JOK Notebook

Tempest in a Tin

My husband works closely with a man in Shin-Yokohama. When Kanda-san offered to send a year-end gift, my husband supplied him with our Berkeley home address. Kanda-san was puzzled. Shouldn't he send it to the company, which is in the Silicon Valley? My husband hadn't told him about me or my kanji addiction, so he couldn't very well explain that I would want to photograph every inch of the box once it arrived.

He was right; I wanted that very much. But when I tried, all the photos came out blurry. For some reason, I can never get good results when I take close-ups of kanji. Fortunately, I knew a professional photographer who could, so I contacted her and said I was having a photo emergency involving kanji. I told her I had to take photos of kanji immediately and hand off a box by the next day. She thought I was talking about Kanji, my beagle mix, so our conversation initially went in a strange direction. But we soon sorted things out, and she rushed to my office for a photo shoot of a box (not a dog).

Dorothy did a fabulous job of capturing the beautiful wrapping paper on the tin. Here's one picture (and you'll see others as they make their way into essays):

Photo Credit: Dorothy Brown

The large kanji are 歳暮 (せいぼ: year-end gift), breaking down as
year + end, sunset.

She also showed me that my camera was just as inadequate as I'd suspected for close-ups of kanji. (Whew! I'd rather have the deficiency be in the camera, not in me!)

Before leaving, she asked if I wanted to unseal the tin, just in case something with kanji lay inside. I didn't dare; the gift wasn't mine to open. Anyway, if there were an insert, it would most likely be in 4-point type and therefore useless to me.

I released the tin to my husband, and when he came home that evening, he reported that the Asian members of his team had devoured its contents (rice cookies called 煎餅, せんべい). He also presented me with some pieces of paper—the inserts from the tin. They contained large, gorgeous kanji, and one character in particular leaped off the page: 恵. No! Now I had a new crisis!

Joy o' Kanji would launch the next morning, and I thought the PDF of essay 1196 on  was posted and ready to go. (I've only just realized that that's not the case; it isn't scheduled to post until February!!!) Whenever I come across a decent kanji photo, I feel an uncontrollable urge to use it in my essays. But if I've already completed an essay, that's no small task. I haven't mastered InDesign (the software with which my graphic designer makes PDFs), so in order to add a photo to a finished essay, I need to send it off to her in Indonesia, then await the update. The whole process takes time. What could I do about this new 恵 photo???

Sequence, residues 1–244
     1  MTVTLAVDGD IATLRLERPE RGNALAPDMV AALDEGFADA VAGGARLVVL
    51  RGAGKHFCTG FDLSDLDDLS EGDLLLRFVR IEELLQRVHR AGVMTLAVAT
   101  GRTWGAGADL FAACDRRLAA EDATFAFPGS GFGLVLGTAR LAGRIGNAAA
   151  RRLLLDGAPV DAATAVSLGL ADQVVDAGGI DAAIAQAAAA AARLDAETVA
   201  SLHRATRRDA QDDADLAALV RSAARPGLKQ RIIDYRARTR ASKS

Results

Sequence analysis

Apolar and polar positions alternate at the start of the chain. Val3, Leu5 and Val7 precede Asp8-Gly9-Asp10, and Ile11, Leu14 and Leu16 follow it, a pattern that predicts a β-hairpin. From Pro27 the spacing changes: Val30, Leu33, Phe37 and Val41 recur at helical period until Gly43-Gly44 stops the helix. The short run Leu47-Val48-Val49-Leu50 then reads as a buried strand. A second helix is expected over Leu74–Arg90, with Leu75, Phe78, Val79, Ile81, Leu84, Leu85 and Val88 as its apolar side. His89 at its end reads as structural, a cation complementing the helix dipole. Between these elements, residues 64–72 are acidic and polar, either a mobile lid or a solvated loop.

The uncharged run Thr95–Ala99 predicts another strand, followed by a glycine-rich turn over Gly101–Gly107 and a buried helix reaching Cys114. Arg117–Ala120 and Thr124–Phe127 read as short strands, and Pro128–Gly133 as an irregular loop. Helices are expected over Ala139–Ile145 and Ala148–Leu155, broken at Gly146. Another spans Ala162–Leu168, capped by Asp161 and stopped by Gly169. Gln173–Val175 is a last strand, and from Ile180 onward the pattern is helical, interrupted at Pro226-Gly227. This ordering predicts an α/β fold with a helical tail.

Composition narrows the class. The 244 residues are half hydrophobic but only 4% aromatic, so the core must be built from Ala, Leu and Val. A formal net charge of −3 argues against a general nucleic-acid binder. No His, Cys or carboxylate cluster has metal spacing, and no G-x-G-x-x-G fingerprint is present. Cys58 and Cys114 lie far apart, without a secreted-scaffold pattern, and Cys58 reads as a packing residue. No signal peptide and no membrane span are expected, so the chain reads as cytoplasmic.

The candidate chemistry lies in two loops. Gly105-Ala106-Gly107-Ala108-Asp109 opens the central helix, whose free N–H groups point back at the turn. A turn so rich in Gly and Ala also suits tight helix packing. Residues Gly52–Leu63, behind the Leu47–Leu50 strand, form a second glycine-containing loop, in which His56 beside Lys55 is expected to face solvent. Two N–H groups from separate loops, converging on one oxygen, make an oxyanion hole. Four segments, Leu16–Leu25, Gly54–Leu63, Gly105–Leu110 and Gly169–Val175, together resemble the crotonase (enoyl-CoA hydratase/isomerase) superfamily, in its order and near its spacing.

I do realize that, in the grand scheme of life and all of the problems one might experience, my photo crises may seem quite small. However, when it comes to kanji, I lost all perspective long ago!

I'll certainly add the scan of the insert to essay 1196, but I wanted to share that gorgeous kanji with you now.

As you can see, 恵 is the last kanji in the right-hand column. It's part of 智恵 (ちえ: wisdom). Essay 1196 presents this word, but there it's written as 知恵. Whereas 知 is in the Joyo set, 智 (intellect, reason, wisdom) is non-Joyo, though it differs from 知 by only a 日. I consulted my proofreader, who said there's no reason to use 智恵 over 知恵 except to grab people's attention with something a little different.

The first word in the right-hand column is 暮らし (くらし: living, livelihood). The kanji 暮 appeared in the first image (where it meant "end, sunset"), and 暮らし pops up several times in essay 1552 on 沢, coming up on January 13. More and more coincidences!

The second column from the right begins with いきる (living), a verb functioning as an adjective here. After that comes 京町家 (きょうまちや), a word that puzzled me. Such simple kanji, but what do they mean collectively? My proofreader filled me in: 京町家 refers to the old wooden Kyoto buildings known as 町家. I adore traditional Japanese architecture just about as much as I love kanji, and when I read the Wikipedia page about these buildings, my heart began beating harder. I've adored these buildings for ages, but I've never known what to call them. Now I do! This food insert certainly unlocked a door!

In the third column from the right, the large gray text contains these words:

未来 (みらい: the future (usually distant))
伝える (つたえる: to hand down (to younger generations, etc.))

Then comes いきたい, and although it sounds like "I want to go," that's not its function here. Rather, this is an auxiliary verb indicating that something takes you from where you are now to some point in the distance (spatially or temporally). 

Putting it all together, one finds this: "We want to hand down 京町家, in which the wisdom of living is alive, to future (generations))." A little awkward, but that's the gist of it.

There's a big red 京 on the page, standing for 京都 (きょうと). And what about all the small type in columns? Oh, dear. There's quite a lot, isn't there?! Apparently that text says more about what the 京町家 style is and how the shop selling rice cookies is built in that traditional way. But let's not worry about it. Just look at the pretty pictures and enjoy the holidays! Bye till January!


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